The Ruby in the Smoke certainly doesn’t waste any time in getting our attention:
On a cold, fretful afternoon in early October, 1872, a hansom cab drew up outside the offices of Lockhart and Selby, Shipping Agents, in the financial heart of London, and a young girl got out and paid the driver . . . Her name was Sally Lockhart; and within fifteen minutes, she was going to kill a man.
From this arresting opening, the story moves briskly along, following Sally as she tries to figure out what the deadly phrase “The Seven Blessings” means, the real circumstances of her father’s death, and why her own life appears to be in danger. Along the way she makes the fortuitous acquaintance of Frederick Lockhart, a young photographer, and his actress sister Rosa, who provide her with a job as a bookkeeper and a welcome alternative to living with her odious aunt.
This was Pullman’s second published children’s book, and like his first, Count Karlstein, was based on a play that he wrote for his middle-school students. One can easily imagine it on the stage, with its swift scene changes, colorful characters, and dramatic dialogue. It is strongly reminiscent of the more sensationalistic Sherlock Holmes stories (Pullman also wrote a play called “Sherlock Holmes and the Limehouse Horror”), with its cursed jewel, opium dens, and vaguely ominous Chinese secret society. It’s a confection, an exuberant and unapologetic melodrama, one that is rescued from banality by Pullman’s skill in handling these time-worn elements and making them feel fresh and exciting again.
In The Shadow in the North, Sally has grown up. A strong, independent woman, she runs her own financial consulting business in the City of London. Fred wants to marry her, but she hesitates because she balks at the notion of all her property automatically becoming his, at least until the Married Woman’s Property Act is passed. In the meanwhile, another deadly plot surfaces to lead her into danger: who is behind the mysterious North Star company, and what exactly are they manufacturing? Fred is engaged in a seemingly unrelated investigation of a music-hall magician who can’t quite explain why he is the targetof so many homicide attempts. As the two strands come together, Sally and Fred are drawn deeper into danger than ever, and closer to one another.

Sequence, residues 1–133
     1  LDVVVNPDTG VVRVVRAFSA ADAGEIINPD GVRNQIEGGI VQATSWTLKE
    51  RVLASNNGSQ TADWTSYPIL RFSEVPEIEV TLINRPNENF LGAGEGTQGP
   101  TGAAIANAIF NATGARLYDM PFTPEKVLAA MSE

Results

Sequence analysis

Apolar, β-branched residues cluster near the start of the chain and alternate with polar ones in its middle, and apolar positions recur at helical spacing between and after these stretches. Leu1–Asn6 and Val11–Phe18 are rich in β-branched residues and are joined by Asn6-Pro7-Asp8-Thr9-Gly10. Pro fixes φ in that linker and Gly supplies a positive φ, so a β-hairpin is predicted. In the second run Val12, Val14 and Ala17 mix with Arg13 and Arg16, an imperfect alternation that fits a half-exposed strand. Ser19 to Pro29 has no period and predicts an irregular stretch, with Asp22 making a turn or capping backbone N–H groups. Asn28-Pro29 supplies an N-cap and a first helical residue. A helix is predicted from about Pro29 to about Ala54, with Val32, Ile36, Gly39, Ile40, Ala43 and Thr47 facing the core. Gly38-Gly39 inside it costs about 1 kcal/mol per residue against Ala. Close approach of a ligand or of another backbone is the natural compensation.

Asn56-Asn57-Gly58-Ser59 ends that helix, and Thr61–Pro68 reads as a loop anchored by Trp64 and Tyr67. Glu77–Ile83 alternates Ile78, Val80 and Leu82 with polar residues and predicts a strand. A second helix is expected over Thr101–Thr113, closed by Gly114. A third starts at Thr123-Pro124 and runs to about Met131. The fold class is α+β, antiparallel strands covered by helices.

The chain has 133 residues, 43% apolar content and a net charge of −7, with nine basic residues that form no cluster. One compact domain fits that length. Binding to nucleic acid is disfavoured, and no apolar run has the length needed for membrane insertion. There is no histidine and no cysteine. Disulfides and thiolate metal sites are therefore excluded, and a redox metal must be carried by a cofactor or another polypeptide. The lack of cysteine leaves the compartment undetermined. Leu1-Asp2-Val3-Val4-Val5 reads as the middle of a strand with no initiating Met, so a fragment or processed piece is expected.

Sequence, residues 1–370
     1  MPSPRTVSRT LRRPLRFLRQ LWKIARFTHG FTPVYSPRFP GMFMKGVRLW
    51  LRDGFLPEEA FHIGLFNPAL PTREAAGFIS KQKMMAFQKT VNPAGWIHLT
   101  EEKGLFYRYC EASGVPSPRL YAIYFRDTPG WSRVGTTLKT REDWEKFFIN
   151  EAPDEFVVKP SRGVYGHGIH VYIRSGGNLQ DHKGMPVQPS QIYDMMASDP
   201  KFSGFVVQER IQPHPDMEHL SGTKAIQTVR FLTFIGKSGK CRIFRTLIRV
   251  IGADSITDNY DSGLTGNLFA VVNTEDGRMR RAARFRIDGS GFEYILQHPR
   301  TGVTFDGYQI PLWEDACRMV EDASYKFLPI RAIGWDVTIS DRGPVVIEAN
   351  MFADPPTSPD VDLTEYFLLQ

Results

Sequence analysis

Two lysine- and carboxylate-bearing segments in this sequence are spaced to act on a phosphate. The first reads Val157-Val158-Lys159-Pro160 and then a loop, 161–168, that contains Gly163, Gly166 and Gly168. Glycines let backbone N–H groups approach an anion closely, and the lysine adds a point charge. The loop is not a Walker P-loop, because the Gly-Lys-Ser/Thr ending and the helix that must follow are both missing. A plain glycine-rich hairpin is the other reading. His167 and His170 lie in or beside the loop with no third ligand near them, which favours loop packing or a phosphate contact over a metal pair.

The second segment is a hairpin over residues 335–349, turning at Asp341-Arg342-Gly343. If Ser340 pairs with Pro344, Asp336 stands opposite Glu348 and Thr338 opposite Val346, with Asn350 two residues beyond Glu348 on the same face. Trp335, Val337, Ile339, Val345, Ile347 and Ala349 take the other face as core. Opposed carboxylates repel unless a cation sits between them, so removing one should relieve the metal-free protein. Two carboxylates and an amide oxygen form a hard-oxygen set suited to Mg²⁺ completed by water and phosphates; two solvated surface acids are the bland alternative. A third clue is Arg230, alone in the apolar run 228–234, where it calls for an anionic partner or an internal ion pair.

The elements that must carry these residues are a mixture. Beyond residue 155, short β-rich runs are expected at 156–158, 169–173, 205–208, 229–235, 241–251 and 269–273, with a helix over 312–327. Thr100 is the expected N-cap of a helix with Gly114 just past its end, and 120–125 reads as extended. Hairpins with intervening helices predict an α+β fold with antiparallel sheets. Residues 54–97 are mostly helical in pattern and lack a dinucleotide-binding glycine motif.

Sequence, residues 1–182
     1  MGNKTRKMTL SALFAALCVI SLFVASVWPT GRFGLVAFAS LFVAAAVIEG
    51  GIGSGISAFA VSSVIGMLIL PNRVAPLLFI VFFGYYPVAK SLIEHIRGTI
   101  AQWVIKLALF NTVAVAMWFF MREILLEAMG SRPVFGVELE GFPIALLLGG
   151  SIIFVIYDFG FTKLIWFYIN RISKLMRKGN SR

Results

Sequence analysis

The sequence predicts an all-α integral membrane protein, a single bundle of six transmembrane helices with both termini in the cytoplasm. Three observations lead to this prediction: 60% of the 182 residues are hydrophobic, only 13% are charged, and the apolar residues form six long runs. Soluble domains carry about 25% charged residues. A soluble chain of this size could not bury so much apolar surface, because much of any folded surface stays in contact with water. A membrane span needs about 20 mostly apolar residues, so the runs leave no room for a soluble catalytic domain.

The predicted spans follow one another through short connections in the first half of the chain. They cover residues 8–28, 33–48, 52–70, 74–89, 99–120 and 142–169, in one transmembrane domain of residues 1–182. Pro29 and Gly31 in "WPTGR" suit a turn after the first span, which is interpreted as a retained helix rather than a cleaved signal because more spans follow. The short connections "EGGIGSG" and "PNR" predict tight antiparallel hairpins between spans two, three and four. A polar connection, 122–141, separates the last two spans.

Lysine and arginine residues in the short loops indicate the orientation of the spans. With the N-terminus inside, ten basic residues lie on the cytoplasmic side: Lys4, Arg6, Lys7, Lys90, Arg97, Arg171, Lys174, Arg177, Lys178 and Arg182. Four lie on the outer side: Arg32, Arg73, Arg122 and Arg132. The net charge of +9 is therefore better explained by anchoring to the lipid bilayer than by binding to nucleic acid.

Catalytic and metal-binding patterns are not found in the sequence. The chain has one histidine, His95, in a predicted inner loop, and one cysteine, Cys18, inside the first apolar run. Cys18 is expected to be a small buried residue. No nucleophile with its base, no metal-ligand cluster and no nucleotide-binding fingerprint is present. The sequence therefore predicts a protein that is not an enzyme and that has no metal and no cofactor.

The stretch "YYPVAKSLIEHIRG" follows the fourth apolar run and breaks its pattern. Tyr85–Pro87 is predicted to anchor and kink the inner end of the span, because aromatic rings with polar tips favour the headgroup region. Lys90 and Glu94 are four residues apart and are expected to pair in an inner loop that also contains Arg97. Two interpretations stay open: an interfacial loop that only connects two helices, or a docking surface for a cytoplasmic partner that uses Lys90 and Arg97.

Even twistier and trickier than its predecessor, The Shadow in the North is equally entertaining. Pullman also continues to catalogue a wide array of Victoriana, from spiritualism to railroads to feminism to early motion photography. It can hardly be considered a serious historical effort — and I have to question the plausibility of Sally’s career, inspiring though it may be. But it does give young readers a vivid entree into the period, one that can be tempered by further reading later. For me, this was probably the first step on a path that led me to a college degree in English literature and a thesis on Charlotte Bronte. Fellow feisty orphan Jane Eyre is certainly one of Sally’s ancestresses.
The Tiger in the Well takes place a couple of years later, and Sally is now a mother. Her idyll of independence is shattered when she receives a summons that claims that her daughter belongs to a man she has never met, who now wants to dissolve their supposed marriage and claim his child. She embarks on a desperate quest to prove him wrong, in which she gains an unlikely supporter: a Jewish Socialist writer, who has charisma to burn. Can they defeat the evil from Sally’s past that has arisen to haunt her?
In this novel, Pullman aims to take a giant step into more serious, adult themes and situations. In doing so, he sometimes loses the verve that gave much of the charm to the first two books. When a social worker literally takes Sally on a tour of the dreadful living conditions in the East End, didacticism threatens to outweigh drama. (Of course, this may simply be an homage to Dickens, who did exactly the same thing.) The violence, both actual and threatened, is several degrees crueller and more painful to imagine. Sally’s anguish is excruciating, and the fate Pullman posits for Sally’s little daughter is horrible to contemplate. Perhaps that’s why this was always my least favorite of the three books.
Still, once you start reading, it’s impossible to put down, as are the first two. Pullman’s talent as a storyteller is evident from the beginning to the end. If you haven’t yet met Sally Lockhart, you havea treat in store. I’m glad I got to visit her again.
(Knopf, 1986 – 1990)